Obviously, don’t go and just stop taking your medication because of this article. The point I’m trying to make is that working out is a great stress reliever.
Exercise Releases Endorphins
Endorphins, short for endogenous morphine, are feel-good chemicals (opioid peptides) that your body releases in response to certain things – exercise, orgasm, pain, and love to name a few. Working out is pain, but in a good way. If you are pushing yourself hard enough, your body will release endorphins in response to stress being placed on the body.
These endorphins are a great stress reliever. If you’ve ever noticed how good you feel after a hard workout, this is what’s responsible for it. The so-called “runner’s high” that happens after strenuous exercise causes a release of endorphins to deal with the stress of going beyond your body’s physical limits. Push beyond your natural mental and physical limitations, and your body will respond by rewarding you with feelings of euphoria and happiness. With all the stresses being thrown at us in life, and the anxiety that accompanies it, exercise can help to distract us and channel that energy into something positive.
Link Between Depression and Obesity
There is a strong link between depression and obesity. What came first – the chicken or the egg? Did obesity cause depression, or did depression cause obesity? There’s evidence that both instances can occur, but I’d be willing to bet that more times than not that depression leads to putting on some pounds. People stress eat and eat to feel better because of feelings of depression. Exercise can help relieve that depression by putting you into a better state of mind and by improving your well-being. Looking and feeling good is always a good motivator to eat healthy and stay active. And people feel their best when they’re healthy.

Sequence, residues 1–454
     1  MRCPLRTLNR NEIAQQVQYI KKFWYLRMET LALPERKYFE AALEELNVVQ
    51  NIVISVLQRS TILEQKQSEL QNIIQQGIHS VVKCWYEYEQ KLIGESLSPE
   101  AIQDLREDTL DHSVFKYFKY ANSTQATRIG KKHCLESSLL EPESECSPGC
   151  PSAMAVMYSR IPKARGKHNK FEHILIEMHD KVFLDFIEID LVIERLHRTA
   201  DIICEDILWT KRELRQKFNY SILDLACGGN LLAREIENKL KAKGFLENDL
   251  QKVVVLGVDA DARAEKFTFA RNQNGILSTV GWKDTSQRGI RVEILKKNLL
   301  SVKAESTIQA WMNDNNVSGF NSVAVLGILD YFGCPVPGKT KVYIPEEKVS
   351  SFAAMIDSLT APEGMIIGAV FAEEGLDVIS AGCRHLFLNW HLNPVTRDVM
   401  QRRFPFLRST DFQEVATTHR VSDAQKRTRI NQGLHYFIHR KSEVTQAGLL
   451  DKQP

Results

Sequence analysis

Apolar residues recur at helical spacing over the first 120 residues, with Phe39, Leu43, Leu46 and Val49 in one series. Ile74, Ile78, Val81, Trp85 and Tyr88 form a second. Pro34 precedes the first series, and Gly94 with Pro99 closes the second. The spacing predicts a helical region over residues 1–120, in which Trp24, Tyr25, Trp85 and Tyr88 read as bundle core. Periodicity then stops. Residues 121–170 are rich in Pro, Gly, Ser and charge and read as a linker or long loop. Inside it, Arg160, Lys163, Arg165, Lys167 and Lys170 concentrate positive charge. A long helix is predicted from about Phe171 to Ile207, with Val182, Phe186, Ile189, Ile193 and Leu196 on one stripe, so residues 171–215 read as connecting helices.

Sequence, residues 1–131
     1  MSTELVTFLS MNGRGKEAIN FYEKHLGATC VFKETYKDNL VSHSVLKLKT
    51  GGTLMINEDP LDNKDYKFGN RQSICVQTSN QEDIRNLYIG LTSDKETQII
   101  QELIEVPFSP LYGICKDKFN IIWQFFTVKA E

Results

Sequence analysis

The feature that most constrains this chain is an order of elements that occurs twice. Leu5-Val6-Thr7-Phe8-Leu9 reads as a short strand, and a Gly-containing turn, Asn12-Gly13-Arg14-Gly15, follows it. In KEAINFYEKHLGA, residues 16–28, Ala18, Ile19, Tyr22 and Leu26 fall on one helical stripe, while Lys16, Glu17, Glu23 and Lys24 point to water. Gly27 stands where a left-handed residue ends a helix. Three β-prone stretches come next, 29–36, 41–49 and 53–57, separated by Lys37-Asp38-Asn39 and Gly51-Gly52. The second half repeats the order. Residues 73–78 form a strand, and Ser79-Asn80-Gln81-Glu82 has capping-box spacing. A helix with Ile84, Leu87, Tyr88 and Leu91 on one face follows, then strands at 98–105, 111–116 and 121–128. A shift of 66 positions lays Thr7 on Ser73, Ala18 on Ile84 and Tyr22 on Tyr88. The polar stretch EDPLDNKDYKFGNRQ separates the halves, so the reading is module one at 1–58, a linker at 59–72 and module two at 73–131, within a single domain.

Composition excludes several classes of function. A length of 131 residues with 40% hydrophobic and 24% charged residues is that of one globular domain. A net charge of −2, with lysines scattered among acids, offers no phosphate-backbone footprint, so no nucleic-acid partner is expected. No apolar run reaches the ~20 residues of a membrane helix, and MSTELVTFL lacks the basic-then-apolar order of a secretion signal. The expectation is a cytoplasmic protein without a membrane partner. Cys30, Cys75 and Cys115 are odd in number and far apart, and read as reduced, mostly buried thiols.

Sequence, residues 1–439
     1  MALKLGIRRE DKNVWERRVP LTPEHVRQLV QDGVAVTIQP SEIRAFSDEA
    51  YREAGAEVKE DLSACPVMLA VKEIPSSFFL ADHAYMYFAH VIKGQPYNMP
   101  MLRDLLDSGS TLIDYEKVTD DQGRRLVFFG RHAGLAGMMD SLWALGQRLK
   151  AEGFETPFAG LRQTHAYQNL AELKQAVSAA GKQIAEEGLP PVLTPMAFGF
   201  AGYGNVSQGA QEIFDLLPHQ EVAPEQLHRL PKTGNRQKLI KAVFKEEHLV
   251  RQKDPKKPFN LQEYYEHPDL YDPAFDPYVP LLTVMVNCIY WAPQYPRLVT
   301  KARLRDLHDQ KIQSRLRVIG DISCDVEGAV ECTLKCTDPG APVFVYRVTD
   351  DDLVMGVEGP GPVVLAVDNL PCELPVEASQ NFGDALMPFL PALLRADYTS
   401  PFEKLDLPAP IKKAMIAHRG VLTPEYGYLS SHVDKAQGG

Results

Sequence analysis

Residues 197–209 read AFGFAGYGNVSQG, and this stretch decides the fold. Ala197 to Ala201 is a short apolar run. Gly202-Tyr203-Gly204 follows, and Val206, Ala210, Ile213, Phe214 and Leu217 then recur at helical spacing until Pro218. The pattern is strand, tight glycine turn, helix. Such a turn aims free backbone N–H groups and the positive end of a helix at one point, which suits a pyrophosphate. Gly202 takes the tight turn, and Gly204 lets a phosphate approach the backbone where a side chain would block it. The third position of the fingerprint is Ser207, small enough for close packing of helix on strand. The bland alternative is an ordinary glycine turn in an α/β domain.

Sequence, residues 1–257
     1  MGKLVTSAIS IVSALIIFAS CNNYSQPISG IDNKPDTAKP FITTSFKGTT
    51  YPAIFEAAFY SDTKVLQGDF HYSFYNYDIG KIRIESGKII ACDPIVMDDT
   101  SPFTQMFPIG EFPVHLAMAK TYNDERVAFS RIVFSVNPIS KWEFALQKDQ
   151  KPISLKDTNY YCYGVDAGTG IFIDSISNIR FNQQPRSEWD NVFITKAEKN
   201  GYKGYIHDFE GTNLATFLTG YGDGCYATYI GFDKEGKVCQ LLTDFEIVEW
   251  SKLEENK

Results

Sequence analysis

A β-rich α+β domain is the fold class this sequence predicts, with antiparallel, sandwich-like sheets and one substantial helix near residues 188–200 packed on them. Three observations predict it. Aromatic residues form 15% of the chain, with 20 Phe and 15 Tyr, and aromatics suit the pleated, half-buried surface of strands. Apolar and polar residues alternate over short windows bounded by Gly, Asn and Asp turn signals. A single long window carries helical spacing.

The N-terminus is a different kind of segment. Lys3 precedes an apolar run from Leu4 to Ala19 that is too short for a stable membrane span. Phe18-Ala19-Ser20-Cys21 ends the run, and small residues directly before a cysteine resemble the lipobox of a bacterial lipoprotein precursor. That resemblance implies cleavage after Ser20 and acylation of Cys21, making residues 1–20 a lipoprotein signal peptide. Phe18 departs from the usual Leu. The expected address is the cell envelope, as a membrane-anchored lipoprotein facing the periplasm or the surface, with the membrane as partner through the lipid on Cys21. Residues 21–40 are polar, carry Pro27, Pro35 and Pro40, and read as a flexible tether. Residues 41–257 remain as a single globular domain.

Research has shown that exercise is linked to a higher resilience of stress. It provides your body a sort of natural armor against the negativity in the world. The Department of Psychology in Zurich reports:
Eighteen elite sportsmen, 50 amateur sportsmen, and 24 untrained men were exposed to a standardized psychosocial laboratory stressor (Trier Social Stress Test). Repeated measures of salivary free cortisol, heart rate, and psychological responses to psychosocial stress were compared among the 3 study groups. Elite sportsmen exhibited significantly lower cortisol, heart rate, and state anxiety responses compared with untrained subjects.
Exercise has too many benefits to name. But if you’re feeling a little down, give some physical activity a shot. You never know, one day you might even start saving some money from the medication you’re taking.
More money, better body, less stress, better health, more confidence – why wouldn’t you give it a try?